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  /  Project   /  Blog: Tech & Telecom news — May 9, 2019

Blog: Tech & Telecom news — May 9, 2019



Disney beat analysts’ expectations for its 1Q19 results, announced yesterday, but losses keep accumulating in the company’s “Direct-to-Consumer” segment, on increased content production expenses for their streaming services (ESPN+ and the forthcoming Disney+). This division already brings almost $1bn/Q (+15% yoy) (Story)


One of the 4 platforms for growth that S Nadella presented this week at Microsoft’s Build event was the “Power Platform”, a new set of tools oriented to build and manage an ecosystem of apps for process automation, that clients would get in a bundle with Dynamics 365 (the company’s suite for CRM and ERP) (Story)



The “neutral 5G wholesale network” scenario that was discussed in the US earlier this year, after comments by Trump’s staff, looks increasingly improbable. An FCC commissioner opposed to such model yesterday, claiming that the proposal “borders on the preposterous” and is practically not feasible, for several reasons (Story)

The US keeps pressing its allies to ban Huawei from new 5G networks, and at London yesterday the US Secretary of State said that current decisions to allow Huawei equipment in some network segments could allow China to “divide Western alliances” and “impede US ability to share certain information” (Story)


Artificial Intelligence

Chinese government’s plans to use facial recognition technologies to implement a massive surveillance system is being reflected in the (huge) valuations of two local startups specialized in this: SenseTime and Megvii. The latter announced yesterday that they have just raised $750m on a valuation of more than $4bn (Story)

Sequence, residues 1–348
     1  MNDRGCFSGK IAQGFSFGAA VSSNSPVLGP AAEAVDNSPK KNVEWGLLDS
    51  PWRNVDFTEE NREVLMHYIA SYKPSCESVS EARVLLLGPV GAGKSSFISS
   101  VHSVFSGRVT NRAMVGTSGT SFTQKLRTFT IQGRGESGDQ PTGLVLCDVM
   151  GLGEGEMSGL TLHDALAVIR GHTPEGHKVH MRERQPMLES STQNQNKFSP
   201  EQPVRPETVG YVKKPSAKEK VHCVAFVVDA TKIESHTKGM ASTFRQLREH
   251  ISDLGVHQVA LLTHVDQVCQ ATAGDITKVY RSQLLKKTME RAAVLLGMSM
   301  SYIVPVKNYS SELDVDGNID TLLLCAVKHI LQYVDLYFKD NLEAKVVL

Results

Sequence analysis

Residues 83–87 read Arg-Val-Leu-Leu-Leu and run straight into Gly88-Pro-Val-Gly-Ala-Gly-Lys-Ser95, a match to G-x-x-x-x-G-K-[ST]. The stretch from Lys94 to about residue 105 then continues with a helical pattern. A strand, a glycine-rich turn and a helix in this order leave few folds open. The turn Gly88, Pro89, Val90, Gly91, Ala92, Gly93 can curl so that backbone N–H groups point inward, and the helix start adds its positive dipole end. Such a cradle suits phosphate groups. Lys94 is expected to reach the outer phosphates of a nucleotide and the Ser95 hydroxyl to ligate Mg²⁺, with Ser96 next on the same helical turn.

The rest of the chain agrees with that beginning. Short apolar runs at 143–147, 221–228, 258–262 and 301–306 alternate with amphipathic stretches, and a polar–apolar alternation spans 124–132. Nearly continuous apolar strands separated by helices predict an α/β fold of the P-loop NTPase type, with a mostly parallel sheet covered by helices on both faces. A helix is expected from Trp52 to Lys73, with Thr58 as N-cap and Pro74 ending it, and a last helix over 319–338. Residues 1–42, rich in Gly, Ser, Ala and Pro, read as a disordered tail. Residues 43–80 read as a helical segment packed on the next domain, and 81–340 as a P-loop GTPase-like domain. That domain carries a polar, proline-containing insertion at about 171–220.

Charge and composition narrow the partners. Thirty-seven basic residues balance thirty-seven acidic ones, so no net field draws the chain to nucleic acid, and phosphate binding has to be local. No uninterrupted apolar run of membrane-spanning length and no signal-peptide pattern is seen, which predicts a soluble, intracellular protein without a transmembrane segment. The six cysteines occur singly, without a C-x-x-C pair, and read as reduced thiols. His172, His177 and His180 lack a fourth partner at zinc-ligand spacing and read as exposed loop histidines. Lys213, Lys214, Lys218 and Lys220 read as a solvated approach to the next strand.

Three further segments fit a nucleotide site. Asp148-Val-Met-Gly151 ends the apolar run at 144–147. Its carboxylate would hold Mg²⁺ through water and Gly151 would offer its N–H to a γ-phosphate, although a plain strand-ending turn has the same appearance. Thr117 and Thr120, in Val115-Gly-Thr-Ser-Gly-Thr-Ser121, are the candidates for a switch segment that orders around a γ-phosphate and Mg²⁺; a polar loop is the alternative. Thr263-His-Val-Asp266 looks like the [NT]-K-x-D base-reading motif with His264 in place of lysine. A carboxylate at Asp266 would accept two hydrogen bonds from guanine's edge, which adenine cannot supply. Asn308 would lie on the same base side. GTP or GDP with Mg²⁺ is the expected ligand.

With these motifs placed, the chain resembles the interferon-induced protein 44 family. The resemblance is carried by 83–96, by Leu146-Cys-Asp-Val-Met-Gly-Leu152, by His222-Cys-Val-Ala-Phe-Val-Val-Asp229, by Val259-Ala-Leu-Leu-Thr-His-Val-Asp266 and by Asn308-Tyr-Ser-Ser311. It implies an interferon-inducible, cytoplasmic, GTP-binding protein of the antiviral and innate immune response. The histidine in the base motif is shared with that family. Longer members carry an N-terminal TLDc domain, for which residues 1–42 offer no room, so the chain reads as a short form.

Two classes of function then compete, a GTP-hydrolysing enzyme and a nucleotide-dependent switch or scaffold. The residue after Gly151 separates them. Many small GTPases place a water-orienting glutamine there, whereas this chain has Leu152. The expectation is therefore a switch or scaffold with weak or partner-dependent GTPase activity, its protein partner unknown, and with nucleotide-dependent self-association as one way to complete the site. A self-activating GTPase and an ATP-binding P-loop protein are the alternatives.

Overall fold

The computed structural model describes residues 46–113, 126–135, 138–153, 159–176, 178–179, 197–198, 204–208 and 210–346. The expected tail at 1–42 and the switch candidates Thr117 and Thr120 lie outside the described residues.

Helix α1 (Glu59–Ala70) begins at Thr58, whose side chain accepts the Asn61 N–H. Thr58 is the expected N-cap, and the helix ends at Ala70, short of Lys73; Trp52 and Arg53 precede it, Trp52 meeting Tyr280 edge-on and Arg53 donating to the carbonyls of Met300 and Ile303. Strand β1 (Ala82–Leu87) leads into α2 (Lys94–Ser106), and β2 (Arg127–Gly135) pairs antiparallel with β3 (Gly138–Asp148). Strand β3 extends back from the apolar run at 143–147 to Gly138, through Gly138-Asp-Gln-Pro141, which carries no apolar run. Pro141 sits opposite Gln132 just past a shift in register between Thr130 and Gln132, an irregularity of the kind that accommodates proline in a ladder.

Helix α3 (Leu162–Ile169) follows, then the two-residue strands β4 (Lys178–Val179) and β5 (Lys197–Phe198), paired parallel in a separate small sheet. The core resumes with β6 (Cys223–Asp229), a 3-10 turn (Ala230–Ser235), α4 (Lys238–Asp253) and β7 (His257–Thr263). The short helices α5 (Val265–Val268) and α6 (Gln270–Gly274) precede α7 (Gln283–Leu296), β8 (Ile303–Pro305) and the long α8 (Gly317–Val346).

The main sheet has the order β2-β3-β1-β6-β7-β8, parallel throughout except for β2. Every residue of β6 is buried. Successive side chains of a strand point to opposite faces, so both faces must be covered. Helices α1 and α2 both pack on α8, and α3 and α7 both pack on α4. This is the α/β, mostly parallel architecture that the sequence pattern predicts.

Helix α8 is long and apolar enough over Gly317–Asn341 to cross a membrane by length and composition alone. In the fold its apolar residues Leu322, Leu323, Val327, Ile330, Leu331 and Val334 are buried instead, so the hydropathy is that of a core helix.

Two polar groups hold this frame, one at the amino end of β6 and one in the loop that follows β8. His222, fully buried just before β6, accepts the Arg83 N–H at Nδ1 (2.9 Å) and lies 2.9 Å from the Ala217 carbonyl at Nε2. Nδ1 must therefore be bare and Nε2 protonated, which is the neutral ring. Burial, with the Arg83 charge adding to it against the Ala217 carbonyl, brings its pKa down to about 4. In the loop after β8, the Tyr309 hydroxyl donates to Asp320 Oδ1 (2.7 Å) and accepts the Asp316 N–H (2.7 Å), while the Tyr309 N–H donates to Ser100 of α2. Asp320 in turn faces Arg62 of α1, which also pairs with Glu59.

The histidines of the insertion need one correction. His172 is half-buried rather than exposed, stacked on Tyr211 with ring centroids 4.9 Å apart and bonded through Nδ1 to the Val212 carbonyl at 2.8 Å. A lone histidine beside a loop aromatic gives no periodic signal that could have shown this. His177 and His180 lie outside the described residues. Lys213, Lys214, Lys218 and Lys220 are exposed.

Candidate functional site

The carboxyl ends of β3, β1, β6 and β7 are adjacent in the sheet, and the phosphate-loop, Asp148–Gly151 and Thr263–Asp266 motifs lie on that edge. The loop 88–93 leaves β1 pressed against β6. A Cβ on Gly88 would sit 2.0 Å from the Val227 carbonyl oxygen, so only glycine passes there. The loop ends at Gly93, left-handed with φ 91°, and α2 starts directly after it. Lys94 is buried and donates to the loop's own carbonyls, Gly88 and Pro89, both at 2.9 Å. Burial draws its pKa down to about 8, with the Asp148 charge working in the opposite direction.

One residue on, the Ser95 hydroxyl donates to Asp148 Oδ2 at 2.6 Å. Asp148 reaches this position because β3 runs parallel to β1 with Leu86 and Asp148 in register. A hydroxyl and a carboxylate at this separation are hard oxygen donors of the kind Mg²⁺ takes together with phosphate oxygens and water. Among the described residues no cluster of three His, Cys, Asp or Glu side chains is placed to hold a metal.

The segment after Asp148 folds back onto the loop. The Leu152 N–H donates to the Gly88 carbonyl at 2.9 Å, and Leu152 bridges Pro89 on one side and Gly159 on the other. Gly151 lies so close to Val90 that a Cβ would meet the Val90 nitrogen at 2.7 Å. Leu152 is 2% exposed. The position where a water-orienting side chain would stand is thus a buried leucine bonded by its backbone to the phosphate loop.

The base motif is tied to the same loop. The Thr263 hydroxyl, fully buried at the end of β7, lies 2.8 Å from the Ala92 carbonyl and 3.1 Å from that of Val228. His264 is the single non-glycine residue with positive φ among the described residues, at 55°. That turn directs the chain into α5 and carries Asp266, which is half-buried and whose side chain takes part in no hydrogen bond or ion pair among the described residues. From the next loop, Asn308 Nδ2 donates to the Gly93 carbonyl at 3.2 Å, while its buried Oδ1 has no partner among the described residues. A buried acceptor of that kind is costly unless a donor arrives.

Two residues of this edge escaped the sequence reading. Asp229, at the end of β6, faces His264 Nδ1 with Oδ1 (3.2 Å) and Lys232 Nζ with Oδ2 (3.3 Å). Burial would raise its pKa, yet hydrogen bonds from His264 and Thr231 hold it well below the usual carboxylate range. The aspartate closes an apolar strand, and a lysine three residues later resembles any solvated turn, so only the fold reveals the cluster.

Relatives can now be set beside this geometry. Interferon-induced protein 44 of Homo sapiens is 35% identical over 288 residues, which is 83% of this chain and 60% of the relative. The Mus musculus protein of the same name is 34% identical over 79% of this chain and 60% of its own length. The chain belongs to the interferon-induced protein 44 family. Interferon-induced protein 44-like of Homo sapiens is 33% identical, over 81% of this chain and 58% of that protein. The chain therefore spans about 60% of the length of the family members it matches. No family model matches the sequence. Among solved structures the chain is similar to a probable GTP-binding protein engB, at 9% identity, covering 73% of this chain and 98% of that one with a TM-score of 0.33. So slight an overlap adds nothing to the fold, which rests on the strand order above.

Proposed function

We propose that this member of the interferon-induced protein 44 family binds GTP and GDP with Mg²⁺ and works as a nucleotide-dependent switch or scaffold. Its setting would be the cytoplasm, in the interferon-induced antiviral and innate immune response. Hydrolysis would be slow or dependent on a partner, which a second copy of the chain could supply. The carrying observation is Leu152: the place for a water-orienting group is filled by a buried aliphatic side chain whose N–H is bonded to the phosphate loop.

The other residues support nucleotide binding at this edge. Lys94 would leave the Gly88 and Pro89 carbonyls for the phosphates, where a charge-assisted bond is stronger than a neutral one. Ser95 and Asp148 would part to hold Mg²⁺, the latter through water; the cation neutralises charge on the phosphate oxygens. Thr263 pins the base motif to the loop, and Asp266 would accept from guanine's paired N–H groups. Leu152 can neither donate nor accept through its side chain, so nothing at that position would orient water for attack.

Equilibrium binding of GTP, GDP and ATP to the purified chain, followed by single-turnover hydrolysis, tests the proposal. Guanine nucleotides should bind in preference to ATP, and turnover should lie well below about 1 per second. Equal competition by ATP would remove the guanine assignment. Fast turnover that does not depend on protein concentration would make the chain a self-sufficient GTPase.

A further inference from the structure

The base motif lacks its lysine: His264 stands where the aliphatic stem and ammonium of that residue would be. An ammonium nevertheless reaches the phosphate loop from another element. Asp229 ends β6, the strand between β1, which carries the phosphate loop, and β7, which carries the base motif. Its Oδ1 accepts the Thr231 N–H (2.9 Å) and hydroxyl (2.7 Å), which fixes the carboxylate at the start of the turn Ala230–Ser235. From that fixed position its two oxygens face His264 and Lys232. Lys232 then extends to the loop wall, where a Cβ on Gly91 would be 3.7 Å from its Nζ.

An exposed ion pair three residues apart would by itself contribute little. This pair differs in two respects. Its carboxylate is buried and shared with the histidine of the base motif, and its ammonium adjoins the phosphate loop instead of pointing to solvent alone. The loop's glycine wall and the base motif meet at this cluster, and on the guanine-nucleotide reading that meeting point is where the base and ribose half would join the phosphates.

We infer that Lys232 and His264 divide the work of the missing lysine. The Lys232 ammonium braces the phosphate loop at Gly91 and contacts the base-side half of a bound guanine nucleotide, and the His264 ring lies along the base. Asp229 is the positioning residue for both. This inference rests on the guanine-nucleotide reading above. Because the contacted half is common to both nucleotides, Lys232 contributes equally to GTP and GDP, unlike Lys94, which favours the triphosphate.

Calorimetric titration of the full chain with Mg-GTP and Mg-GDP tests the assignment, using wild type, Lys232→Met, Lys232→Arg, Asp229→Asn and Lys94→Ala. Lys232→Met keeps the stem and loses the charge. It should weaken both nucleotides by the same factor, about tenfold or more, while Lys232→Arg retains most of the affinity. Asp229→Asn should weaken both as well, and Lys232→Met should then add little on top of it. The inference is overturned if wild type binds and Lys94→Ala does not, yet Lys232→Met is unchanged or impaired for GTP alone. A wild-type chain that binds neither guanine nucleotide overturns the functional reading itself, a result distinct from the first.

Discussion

A major AI research conference this week focused on 4 deep learning challenges: fairness (eliminating algorithmic bias), security (fighting vs. attacks from “malevolent” AI systems), generalizability (learning from one data set for multiple apps) and causality (finding causal relations in data, instead of correlations) (Story)


As expected, in a hearing yesterday at US Congress, there was debate on how to address the (Facebook) data privacy issue. Democrats want Federal regulators to have more authority to set rules and impose fines, but Republicans favor a less interventionist approach, focused on adapting rules as industry practices change (Story)

An FT piece remarks that data is not “the new oil” but just a way to code (some) real world facts, and that indeed many incidences of “weaponized information” are non-digital. Author also claims that valuing data as a commodity would be subject to hyperinflation, as people could code data about themselves endlessly (Story)

Whatever you may think about that, Google has clearly prioritized data and privacy in messages at their event this week. Analyst B Thompson (Stratechery) thinks the company is trying to earn the right to collect and analyze data, by showing it can be a tool to create more useful products, rather than a monetization fuel (Story)

Others stress the difference between Google’s presentations of privacy-protecting tools at the event, most of which were “ready to ship” or “ready to demo”, with Facebook’s more aspirational approach at their own F8 event last week (“mostly vague vaporware”). Still, privacy is now at the center for both companies (Story)

Source: Artificial Intelligence on Medium

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